Is anti-poverty program effective? Aquino allies to check
MANILA, Philippines – Is President Benigno Aquino III’s flagship anti-poverty program as effective as he says it is?
Aquino’s allies in Congress will review the P39-B Conditional Cash Transfer (CCT) Program ahead of the deliberations for the 2013 national budget.
In a statement, Sen Franklin Drilon said the Joint Congressional Oversight Committee on Public Expenditures will conduct the review.
The chairman of the Senate Finance Committee said the panel will check if the Department of Social Welfare and Development (DSWD) has cleaned up the list of beneficiaries so that only the poorest families benefit from the CCT.
Drilon added that the probe aims to ensure that politicians will not be able to use the CCT budget for the 2013 polls.
“We would like to hear from Social Welfare Secretary Dinky Soliman if her agency has successfully plugged in some of the loopholes that we and some concerned sectors have identified,” said Drilon.
Drilon and House Committee on Appropriations Chairman Rep Joseph Emilio Abaya have requested a briefing from the DSWD to be held on Thursday, July 12.
Drilon and Abaya head the joint oversight committee. Both are also partymates of Aquino in the ruling Liberal Party.
The senator said the committee wants to find out how much funds the government will allot for the CCT in the coming years to ensure its successful implementation.
In 2012, government allocated P39 billion for the program, up from P21 billion last year.
3 million families enrolled
Aquino is expected to cite the CCT as a key accomplishment of his administration in his third State of the Nation Address (SONA) this July 23.
In a preview of his SONA, Aquino said in a speech last June 25 that the CCT has been successful in helping the 20% of the population living below the poverty line.
“We entered into office with 800,000 families enrolled [by the past administration]. Now, in March this year, there are already 3 million families enrolled, families we are helping so they can send their children to school and survive day-to-day life,” Aquino said in Filipino.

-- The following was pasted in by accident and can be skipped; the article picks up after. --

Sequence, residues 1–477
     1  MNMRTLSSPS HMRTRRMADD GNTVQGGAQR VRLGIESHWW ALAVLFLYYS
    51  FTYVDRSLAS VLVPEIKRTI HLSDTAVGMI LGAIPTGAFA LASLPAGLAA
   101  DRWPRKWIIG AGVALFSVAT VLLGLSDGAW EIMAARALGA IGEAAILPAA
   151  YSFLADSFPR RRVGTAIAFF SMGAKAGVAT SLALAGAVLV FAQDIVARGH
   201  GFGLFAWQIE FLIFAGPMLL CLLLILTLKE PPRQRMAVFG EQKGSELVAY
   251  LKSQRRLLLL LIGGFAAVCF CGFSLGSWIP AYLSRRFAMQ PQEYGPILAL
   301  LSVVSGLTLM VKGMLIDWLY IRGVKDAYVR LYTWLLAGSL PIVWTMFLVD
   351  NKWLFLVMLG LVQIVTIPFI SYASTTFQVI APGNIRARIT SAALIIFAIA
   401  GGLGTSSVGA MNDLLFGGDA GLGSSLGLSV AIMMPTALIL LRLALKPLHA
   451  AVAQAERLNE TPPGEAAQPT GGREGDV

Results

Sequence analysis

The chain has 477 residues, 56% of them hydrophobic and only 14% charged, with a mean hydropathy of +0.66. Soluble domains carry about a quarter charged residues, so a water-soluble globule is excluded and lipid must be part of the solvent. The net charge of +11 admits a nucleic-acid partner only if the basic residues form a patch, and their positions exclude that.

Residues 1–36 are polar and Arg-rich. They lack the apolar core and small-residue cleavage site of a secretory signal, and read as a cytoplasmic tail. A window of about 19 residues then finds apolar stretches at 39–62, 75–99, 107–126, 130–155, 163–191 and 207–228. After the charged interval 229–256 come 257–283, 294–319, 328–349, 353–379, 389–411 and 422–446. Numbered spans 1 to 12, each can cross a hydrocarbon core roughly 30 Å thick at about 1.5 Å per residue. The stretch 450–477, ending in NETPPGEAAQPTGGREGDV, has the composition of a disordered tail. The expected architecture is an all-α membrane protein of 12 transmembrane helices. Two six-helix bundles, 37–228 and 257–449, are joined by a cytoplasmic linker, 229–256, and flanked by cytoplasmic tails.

The President added, “This is an investment. This is not a dole-out. We are preparing this for the future to help our countrymen have additional opportunities in life.”
CCT, or the Pantawid Pamilyang Pilipino Program (4Ps), is government's flagship program for the poor. It provides cash grants to extremely poor households. For healthcare costs, each household gets P500 a month. For education, each child below 14-years-old gets P300 monthly.
The cash grants are tied to certain conditions. For example, parents should make sure that the children are going to school. Government believes that the CCT program will help the country meet human development goals on health and education.
Gamblers, drug users?
The Commission on Audit (COA), however, has reported about various loopholes in the CCT.
In its 2010 consolidated report, the COA said the program is a “big mess” with incomplete documentation on the use of the US-$405 million loan from the International Bank for Reconstruction and Development.
The COA noted that cash grants were released even to beneficiaries who failed to submit the required Compliance Verification System. COA also observed double or triple entries of names in the CCT list of beneficiaries.
“Occurrence of discrepancies in the names of grantees per payroll, per database, per clean list and per the [Land Bank of the Philippines’] liquidation report … cast doubts on the reliability and accuracy,” COA warned.
In another report, the COA said a random sampling in late 2010 showed that the CCT beneficiaries included gamblers, drug users and wealthy families.
Malacañang called the report unfair and said it made a blanket conclusion.
Deputy Presidential Spokesperson Abigail Valte, though, gave assurances that the government continues to purge the CCT list.
By Ayee Macaraig
11 July 2012
CONGRESSIONAL REVIEW. Aquino's allies in Congress will lead a review of the Conditional Cash Transfer Program. File photo by Senate PRIB